5. The aluminum alloy of claim 1, wherein the alloy consists of: 1.2 wt.% manganese, 1.0 wt.% magnesium, 0.3 wt.% silicon, 0.3 wt.% zirconium, 0.1 wt.% tin, 0.4 wt.% iron, and aluminum as a balance.
6. The aluminum alloy of claim 1, wherein the alloy consists of: 1.0 wt.% manganese, 1.0 wt.% magnesium, 0.2 wt.% silicon, 0.3 wt.% zirconium, 0.1 wt.% tin, 0.15 wt.% copper, 0.5 wt.% iron, and aluminum as a balance.
7. The aluminum alloy of claim 1, wherein the alloy consists of: 0.85% by weight of manganese, 2.0% by weight of magnesium, 0.24% by weight of silicon, 0.3% by weight of zirconium, 0.1% by weight of tin, 0.17% by weight of copper, 0.52% by weight of iron, and aluminum as a balance.
8. The aluminum alloy of claim 1, wherein the alloy is scandium-free.
9. The aluminum alloy of claim 1, wherein, if in the hard state, the aluminum alloy has a yield strength of at least 330MPa, a tensile strength of at least 360MPa, and an elongation of at least 3%; and
wherein the aluminum alloy, if in a soft state, has a tensile strength of at least 230MPa and an elongation of at least 10% at room temperature.
10. The aluminum alloy of claim 9, wherein if the aluminum alloy is in a hard state, the alloy has a yield strength of at least 370MPa, a tensile strength of at least 395MPa, and an elongation of at least 4% at room temperature.
11. The aluminum alloy of claim 1, wherein at least 70% of the alloy is recovered from used aluminum cans.
12. The aluminum alloy of claim 1, wherein at least 80% of the alloy is recovered from used aluminum cans.
13. The aluminum alloy of claim 1, wherein at least 90% of the alloy is recovered from used aluminum cans.
14. The aluminum alloy of claim 1, wherein at least 95% of the alloy is recovered from used aluminum cans.
15. A method of making a part from the aluminum alloy of claim 1, the method comprising:
a) melting the alloy at a temperature of 700 ℃ to 900 ℃;
b) the alloy is then cast into a mold at ambient temperature;
c) then cooling the ingot casting by using a cooling medium; and
d) the ingot is then thermally aged at a temperature of 350 ℃ to 450 ℃ for a time of 2 hours to 48 hours.
16. The method of claim 15, further comprising cold rolling the ingot to form a sheet product.
17. The method of claim 16, further comprising subjecting the sheet product to a stabilizing heat treatment at a temperature of 140 ℃ to 170 ℃ for a time period of 1 hour to 5 hours.
18. A method of making a part from the aluminum alloy of claim 1, the method comprising:
a) melting the alloy at a temperature of 700 ℃ to 900 ℃;
b) the alloy is then cast into a mold at ambient temperature;
c) then cooling the ingot casting by using a cooling medium; and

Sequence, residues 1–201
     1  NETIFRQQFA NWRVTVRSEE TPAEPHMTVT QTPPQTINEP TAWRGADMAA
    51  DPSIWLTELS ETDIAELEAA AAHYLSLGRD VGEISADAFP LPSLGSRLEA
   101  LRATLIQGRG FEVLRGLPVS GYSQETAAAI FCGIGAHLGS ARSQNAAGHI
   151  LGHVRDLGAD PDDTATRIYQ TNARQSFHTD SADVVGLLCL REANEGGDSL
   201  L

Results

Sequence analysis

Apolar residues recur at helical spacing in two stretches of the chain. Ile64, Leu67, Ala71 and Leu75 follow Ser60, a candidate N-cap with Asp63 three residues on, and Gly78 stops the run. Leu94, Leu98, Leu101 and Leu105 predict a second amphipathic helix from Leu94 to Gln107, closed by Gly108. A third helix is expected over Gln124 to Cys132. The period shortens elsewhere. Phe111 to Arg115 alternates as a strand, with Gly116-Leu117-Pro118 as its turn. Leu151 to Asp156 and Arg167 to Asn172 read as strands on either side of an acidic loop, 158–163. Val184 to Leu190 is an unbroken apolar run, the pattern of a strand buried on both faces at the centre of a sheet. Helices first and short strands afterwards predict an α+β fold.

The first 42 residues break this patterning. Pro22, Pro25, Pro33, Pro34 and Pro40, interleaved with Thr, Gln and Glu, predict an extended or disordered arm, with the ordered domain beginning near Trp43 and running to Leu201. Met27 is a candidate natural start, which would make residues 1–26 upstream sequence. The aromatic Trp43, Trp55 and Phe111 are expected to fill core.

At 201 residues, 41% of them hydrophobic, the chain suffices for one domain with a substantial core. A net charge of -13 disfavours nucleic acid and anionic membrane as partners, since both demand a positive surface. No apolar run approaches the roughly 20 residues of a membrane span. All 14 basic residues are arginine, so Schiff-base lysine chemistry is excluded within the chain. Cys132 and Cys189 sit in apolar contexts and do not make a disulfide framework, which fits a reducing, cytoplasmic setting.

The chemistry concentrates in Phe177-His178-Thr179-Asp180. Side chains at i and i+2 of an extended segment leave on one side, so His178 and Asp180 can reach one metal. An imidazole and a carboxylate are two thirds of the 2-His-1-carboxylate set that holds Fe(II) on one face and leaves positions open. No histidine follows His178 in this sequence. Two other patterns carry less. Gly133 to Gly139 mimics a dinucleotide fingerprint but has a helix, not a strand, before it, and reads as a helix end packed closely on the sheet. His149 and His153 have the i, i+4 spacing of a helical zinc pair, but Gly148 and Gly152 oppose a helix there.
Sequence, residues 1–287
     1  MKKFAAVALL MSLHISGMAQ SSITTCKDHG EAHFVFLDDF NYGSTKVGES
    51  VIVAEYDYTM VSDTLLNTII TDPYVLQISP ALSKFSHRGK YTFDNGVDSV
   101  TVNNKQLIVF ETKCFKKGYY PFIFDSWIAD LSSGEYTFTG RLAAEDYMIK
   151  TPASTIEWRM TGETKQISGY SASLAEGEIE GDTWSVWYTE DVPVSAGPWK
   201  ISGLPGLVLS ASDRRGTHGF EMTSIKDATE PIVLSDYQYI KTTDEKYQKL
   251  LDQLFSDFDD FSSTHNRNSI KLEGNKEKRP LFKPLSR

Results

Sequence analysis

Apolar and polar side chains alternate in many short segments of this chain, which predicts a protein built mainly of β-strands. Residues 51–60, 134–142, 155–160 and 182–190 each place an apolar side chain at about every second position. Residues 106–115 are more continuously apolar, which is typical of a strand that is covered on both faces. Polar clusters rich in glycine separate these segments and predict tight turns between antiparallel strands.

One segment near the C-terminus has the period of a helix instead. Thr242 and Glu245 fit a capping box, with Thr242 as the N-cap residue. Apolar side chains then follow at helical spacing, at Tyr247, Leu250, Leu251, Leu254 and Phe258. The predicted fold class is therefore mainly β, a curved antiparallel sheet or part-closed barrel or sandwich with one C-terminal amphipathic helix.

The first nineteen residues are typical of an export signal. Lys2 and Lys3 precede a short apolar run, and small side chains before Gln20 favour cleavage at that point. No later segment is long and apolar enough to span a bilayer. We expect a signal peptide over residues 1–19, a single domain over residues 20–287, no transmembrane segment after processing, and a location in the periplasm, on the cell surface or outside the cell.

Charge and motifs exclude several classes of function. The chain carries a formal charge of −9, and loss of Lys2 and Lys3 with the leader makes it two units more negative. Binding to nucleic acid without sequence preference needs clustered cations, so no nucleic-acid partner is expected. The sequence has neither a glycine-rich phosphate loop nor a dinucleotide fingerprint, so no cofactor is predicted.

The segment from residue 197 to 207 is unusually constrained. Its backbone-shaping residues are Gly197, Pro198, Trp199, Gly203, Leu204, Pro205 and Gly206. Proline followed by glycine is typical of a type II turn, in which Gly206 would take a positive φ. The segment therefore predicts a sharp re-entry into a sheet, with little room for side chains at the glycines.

d) the ingot is then hot rolled to form a sheet.
19. The method of claim 18, further comprising thermally aging the sheet at a temperature of 350 ℃ to 450 ℃ for a time of 2 hours to 48 hours.
20. The method of claim 19, further comprising cold rolling the sheet after the thermal aging step to form a thin sheet or foil product.
21. The method of claim 20, further comprising subjecting the thin sheet or foil product to a stabilizing heat treatment at a temperature of 140 ℃ to 170 ℃ for a period of 1 hour to 5 hours.
22. The method of claim 18, further comprising
e) Then cold rolling the sheet to form a thin sheet or foil product; and
f) the thin sheet or foil product is then thermally aged at a temperature of 350 ℃ to 450 ℃ for a period of 2 hours to 24 hours.
23. A beverage can comprising the aluminum alloy of claim 1.
24. A spray can comprising the aluminum alloy of claim 1.
25. An aluminum alloy part comprising the aluminum alloy of claim 1, wherein the aluminum alloy part is selected from the group consisting of roofing materials, siding materials, chemical manufacturing equipment, food manufacturing equipment, storage tanks, pressure vessels, household appliances, kitchen ware, sheet metal workpieces, truck parts, trailer parts, automotive parts, and heat exchangers.
26. The fabricated form of the aluminum alloy of claim 1, selected from the group consisting of wire, sheet, plate, and foil.
27. Containing Al3An aluminum alloy of Zr nanosized precipitates, the aluminum alloy consisting of:
0.8 to 1.5 weight percent manganese;
0.2 to 0.5 weight percent zirconium;
0.01 to 0.2 wt% of an inoculant, wherein the inoculant is tin,
optionally 0.05 to 0.7 weight percent iron;
optionally 0.05 to 0.6 wt.% of silicon
Optionally 0.05 to 0.2 weight percent copper; and
aluminum as the balance;
wherein the nanoscale precipitates have an average diameter of 20nm or less and have an Ll in an alpha-Al face-centered cubic matrix2Structure;
wherein the average number density of the nanoscale precipitates is 2021m-3Or greater;
wherein the alloy has a yield strength of at least 40MPa at a temperature of 400 ℃; and
wherein the creep rate of the alloy is less than 10 at an applied stress of 25MPa and a temperature of 400 DEG C-7In seconds.
28. The aluminum alloy of claim 27, wherein the alloy consists of: 1.2% by weight of manganese, 0.3% by weight of zirconium, 0.1% by weight of tin, 0.2% by weight of silicon, and aluminum as a balance.
29. The aluminum alloy of claim 27, wherein the alloy consists of: 1.2 wt.% manganese, 0.3 wt.% zirconium, 0.1 wt.% tin, 0.12 wt.% copper, 0.7 wt.% iron, 0.5 wt.% silicon, and aluminum as a balance.
30. Containing Al3An aluminum alloy of Zr nanosized precipitates, the aluminum alloy consisting of:
0.8 to 1.5 weight percent manganese;
0.05 to 3.0 wt.% magnesium;
0.05 to 0.6 wt% silicon;
0.2 to 0.5 weight percent zirconium;
0.01 to 0.2 wt% inoculant; and
aluminum as the balance;
wherein the nanoscale precipitates have an average diameter of 20nm or less and have an Ll in an alpha-Al face-centered cubic matrix2Structure;
wherein the average number density of the nanoscale precipitates is 2021m-3Or greater;
wherein the inoculant is one or more of strontium, zinc, gallium, germanium, arsenic, indium, antimony, lead and bismuth.
31. The aluminum alloy of claim 30, wherein, if in the hard state, the aluminum alloy has a yield strength of at least 330MPa, a tensile strength of at least 360MPa, and an elongation of at least 3%; and
wherein the aluminum alloy, if in a soft state, has a tensile strength of at least 230MPa and an elongation of at least 10% at room temperature.